There is nothing like the big V-Day to get you thinking about candy, flowers, and, of course, love. Each week we connect through this blog post, joining each other in prayer for love to fill the air and hearts to be joined together in marriage. We believe and hope that God will hear our prayers, for ourselves and others to find love and be united in holy matrimony. Do you ever wonder what it is that we are actually praying for? Is the culmination of our prayers for all of us to find spouses, ride off into the sunset and live blissfully ever after, the end?
Love is wonderful, marriage is good, but we know that wonderful and good do not always translate into ever after. Have you noticed that there are few stories in the Bible detailing how someone moved from singleness to marriage? Ruth found Boaz in a wheat field and their music-filled, “you’re the one” moment involved a threshing floor. Maybe this would work in Iowa, running through the wheat fields flagging down combines for eligible men, not sure, but it does make for a good mental video. Rebecca wed Isaac because she watered some camels. Perhaps the equivalent is putting gas in some man’s car? The Bible doesn’t really speak to how we are to go about finding a spouse. I’d also venture a guess that if you polled your married friends you would find just as many stories on how they met and married their spouses.
See, I believe God is much more concerned with why we do something than how.
Every way of a man is right in his own eyes, but the Lord weighs the heart. Proverbs 21:2
But I, the LORD, search all hearts and examine secret motives. I give all people their due rewards, according to what their actions deserve. Jeremiah 17:10
Imagine how boring life would be if God gave us step-by-step instructions for how He wanted us to do stuff. We each get to live out our own creative stories of how God is at work in our lives, doesn’t that just get you all excited? There is a connecting thread of purpose in the stories of Ruth and Rebecca that lead to the importance of “why” they married. God was completing His promise to Abraham that his descendants would be greater than the stars and out of them would come the Savior of the world. These couples and their offspring are in the lineage of Jesus; their unions fulfilled a greater purpose.
A few weeks ago, I devoured Tim Keller’s book “The Meaning of Marriage.” For those unfamiliar with Tim Keller, he is a pastor of Redeemer Church in New York City. He wrote this book based on a sermon series he preached several years ago to a congregation of 80% singles. I know what some of you are thinking, get me to NYC, with those odds I’ve got to find a spouse! He writes the book with a single audience in mind and really dissects the “why” of marriage.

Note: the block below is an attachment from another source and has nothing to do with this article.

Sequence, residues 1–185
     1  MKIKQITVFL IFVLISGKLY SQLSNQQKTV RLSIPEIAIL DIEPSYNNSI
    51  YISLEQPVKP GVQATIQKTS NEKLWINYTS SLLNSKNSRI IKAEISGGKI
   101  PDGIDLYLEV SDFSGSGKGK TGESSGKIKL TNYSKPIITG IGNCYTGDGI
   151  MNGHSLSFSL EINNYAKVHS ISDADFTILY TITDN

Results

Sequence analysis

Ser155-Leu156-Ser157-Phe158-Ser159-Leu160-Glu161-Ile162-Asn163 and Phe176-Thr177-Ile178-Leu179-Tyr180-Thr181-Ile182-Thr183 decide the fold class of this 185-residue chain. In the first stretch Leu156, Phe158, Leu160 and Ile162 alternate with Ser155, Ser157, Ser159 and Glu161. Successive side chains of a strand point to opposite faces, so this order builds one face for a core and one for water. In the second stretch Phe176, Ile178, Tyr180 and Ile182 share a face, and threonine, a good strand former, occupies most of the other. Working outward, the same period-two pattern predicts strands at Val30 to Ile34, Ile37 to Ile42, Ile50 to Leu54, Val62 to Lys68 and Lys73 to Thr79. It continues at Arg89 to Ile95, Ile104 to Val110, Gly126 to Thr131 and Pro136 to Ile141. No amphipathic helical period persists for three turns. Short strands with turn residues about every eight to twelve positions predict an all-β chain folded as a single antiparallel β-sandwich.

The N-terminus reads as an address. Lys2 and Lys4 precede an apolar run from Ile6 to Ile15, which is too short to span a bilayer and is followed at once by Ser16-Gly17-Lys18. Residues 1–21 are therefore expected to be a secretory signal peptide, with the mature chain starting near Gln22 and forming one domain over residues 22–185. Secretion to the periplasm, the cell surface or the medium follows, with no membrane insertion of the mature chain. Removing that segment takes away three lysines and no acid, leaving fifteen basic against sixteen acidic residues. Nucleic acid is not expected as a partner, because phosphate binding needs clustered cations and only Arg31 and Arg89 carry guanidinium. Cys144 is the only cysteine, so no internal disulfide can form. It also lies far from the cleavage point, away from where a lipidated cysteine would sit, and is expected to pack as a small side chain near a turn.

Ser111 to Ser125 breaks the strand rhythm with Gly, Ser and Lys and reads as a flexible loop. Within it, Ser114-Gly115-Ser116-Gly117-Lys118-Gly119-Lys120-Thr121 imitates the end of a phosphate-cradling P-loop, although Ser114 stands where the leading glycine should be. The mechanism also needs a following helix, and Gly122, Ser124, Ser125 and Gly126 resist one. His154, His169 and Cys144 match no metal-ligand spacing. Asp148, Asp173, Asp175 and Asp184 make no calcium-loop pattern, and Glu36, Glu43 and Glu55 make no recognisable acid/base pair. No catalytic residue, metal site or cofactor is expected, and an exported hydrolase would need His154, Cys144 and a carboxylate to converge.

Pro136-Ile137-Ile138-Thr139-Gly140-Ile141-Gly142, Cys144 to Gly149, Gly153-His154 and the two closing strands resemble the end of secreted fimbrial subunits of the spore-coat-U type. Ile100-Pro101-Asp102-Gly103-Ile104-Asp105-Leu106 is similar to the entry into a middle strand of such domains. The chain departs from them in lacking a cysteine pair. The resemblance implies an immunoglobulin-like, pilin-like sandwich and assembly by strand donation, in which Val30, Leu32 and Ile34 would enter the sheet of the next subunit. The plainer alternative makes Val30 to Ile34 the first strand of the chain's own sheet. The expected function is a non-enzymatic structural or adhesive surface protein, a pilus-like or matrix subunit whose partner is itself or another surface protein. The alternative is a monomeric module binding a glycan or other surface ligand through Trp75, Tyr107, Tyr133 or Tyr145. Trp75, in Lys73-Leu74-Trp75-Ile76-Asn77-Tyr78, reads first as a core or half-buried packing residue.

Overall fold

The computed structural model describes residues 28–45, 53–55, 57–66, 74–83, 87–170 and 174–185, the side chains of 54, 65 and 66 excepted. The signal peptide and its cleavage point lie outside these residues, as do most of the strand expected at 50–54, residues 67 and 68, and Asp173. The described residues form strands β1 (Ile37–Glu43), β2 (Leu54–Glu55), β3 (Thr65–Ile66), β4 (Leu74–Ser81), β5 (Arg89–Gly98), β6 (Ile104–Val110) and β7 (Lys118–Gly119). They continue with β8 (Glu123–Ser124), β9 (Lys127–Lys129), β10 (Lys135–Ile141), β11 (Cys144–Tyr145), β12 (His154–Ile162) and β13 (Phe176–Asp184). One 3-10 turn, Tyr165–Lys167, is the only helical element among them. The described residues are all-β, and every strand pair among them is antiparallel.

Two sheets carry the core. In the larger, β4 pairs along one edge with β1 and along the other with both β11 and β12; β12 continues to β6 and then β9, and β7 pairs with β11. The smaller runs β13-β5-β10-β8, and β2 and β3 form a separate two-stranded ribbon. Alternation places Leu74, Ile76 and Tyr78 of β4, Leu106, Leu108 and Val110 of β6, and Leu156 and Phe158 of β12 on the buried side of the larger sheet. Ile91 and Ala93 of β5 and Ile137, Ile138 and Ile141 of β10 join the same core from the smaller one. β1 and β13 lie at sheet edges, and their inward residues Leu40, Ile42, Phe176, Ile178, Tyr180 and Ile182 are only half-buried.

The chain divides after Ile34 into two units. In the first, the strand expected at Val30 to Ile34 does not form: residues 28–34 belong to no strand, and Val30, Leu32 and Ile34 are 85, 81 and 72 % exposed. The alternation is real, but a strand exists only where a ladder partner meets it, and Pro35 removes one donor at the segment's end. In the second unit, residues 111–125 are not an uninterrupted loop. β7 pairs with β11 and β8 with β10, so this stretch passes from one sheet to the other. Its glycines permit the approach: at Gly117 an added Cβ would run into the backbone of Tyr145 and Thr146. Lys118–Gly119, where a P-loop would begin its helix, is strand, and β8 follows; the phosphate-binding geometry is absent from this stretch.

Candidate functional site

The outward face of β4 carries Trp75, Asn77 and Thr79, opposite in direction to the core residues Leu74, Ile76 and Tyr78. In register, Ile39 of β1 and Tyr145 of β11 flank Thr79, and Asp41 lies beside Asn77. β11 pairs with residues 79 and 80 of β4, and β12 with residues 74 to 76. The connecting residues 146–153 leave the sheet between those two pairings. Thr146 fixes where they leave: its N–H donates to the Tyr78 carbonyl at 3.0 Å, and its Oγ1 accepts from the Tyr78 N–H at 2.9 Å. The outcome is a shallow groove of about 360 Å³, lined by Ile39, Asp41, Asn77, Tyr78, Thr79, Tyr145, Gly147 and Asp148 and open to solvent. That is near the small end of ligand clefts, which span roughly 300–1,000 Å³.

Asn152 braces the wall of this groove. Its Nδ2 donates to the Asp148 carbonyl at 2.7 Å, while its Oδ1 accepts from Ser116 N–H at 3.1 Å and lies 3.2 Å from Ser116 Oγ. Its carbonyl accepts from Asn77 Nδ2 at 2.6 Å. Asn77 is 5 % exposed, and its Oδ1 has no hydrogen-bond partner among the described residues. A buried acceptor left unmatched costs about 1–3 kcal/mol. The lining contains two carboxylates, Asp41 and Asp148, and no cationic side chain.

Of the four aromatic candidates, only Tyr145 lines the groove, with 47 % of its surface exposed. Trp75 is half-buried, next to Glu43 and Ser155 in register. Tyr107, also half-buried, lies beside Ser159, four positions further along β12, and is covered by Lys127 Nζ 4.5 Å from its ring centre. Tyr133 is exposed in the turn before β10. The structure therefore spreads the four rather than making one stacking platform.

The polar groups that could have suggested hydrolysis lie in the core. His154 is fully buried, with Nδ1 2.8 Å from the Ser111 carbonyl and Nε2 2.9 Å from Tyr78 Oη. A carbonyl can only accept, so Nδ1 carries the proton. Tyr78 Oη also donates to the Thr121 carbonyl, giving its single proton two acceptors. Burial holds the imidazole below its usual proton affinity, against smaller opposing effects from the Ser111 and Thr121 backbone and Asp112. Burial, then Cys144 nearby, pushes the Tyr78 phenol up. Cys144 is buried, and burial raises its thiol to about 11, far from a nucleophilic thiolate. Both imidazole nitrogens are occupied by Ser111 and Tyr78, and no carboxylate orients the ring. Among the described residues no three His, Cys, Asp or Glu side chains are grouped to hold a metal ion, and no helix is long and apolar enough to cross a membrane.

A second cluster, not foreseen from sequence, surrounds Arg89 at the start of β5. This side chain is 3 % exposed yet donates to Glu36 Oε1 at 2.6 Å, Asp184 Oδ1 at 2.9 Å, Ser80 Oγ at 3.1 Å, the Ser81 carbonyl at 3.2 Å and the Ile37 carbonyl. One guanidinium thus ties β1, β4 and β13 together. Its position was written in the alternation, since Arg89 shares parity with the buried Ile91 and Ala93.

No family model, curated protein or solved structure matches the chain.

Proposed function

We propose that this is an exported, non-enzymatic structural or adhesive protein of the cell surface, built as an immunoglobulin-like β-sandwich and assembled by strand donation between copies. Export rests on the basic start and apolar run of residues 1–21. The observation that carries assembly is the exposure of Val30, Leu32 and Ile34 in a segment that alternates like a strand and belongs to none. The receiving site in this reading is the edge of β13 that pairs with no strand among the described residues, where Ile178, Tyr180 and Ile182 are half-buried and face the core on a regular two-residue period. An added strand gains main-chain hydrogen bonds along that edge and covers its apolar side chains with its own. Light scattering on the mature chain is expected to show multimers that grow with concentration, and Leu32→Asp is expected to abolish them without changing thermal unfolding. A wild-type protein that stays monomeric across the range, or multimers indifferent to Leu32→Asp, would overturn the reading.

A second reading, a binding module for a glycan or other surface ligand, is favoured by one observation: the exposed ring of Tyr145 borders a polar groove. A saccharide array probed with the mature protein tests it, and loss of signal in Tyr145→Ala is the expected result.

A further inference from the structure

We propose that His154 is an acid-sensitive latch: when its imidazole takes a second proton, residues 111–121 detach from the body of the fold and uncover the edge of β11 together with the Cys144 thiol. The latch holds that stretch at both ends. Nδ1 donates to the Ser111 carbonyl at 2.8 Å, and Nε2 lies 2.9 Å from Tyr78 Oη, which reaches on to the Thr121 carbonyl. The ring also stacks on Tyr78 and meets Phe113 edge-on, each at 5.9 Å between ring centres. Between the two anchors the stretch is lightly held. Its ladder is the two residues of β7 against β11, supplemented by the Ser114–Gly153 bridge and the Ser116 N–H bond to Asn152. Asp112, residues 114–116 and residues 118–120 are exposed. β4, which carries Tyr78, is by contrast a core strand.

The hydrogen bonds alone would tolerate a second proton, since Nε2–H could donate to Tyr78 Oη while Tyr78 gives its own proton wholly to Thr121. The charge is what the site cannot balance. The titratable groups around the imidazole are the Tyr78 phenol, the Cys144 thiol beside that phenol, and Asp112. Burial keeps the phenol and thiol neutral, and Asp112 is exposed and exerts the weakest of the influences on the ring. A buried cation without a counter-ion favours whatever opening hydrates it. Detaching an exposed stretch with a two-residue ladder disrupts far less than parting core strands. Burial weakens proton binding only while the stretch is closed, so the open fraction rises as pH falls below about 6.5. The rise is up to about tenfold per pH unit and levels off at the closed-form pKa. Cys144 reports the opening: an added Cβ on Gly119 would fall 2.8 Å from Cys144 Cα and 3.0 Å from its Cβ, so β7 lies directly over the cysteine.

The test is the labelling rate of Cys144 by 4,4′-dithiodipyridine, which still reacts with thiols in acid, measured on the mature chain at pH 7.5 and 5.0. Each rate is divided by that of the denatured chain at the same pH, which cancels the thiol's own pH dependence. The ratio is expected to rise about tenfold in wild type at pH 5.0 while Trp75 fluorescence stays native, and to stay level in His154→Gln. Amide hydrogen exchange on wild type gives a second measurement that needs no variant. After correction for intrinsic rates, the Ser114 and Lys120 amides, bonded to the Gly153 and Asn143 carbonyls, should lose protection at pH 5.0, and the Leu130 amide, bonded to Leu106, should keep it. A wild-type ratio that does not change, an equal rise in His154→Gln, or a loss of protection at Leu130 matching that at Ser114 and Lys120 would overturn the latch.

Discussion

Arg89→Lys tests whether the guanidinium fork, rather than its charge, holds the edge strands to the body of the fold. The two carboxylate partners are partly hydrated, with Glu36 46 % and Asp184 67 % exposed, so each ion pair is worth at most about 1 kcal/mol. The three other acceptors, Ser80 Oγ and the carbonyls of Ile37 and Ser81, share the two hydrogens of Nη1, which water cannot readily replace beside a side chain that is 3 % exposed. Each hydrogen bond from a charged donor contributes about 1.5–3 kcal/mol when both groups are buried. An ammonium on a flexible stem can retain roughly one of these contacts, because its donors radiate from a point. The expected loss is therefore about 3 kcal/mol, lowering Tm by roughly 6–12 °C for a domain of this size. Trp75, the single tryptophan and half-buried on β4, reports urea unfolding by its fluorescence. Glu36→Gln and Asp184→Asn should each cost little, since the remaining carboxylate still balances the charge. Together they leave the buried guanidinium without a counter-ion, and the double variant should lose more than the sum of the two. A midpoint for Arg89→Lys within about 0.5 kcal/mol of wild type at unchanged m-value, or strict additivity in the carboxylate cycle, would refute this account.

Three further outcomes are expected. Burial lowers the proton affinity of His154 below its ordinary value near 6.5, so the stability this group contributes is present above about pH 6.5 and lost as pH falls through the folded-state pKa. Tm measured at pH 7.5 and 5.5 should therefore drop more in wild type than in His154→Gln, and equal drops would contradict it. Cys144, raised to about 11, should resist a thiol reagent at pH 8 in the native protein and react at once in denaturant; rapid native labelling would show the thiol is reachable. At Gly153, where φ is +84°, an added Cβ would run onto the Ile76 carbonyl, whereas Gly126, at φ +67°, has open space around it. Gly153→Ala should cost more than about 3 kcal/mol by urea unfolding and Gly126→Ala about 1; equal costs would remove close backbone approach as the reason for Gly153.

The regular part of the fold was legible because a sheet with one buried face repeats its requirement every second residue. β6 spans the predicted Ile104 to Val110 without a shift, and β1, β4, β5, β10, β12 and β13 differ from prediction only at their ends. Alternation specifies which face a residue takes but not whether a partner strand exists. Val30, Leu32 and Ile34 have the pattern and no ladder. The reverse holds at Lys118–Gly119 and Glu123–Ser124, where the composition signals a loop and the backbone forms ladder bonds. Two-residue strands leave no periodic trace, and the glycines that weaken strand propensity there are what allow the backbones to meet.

Dominant western culture says that the purpose and meaning of marriage is self-fulfillment. Chemistry and sexual compatibility are paramount in forming a relationship with someone, and we can look no further than the top-rated box office hits for how this plays out in our culture. However, God desires for us to live outside of self and our desires, wants, and needs and look to the needs of others.
Greater love has no one than this: to lay down one’s life for one’s friends. John 15:13
As we explore the “why” of marriage, let’s delve into excerpts from Tim’s book:
What if, however, you began your marriage understanding its purpose as spiritual friendship for the journey to the new creation? What if you expected marriage to be about helping each other grow out of your sins and flaws into the new self God is creating? (page 149)
And the main message of this chapter is that the key to giving marriage that kind of priority is spiritual friendship. So many marriages are begun with the journey of God only as an afterthought. Many Christians congratulate themselves that they have married another believer, but they look at their prospective spouse’s faith as simply one more factor that makes him or her compatible, like common interests and hobbies. But that is not what spiritual friendship is. It is eagerly helping one another know, serve, love, and resemble God in deeper and deeper ways. (pages 144-145)
This Monday, let’s not just pray for marriages, let’s pray that God develops spiritual friendships that challenge us to grow more Christ-like, flourish in love, and expand the kingdom of God!
Happily ever after,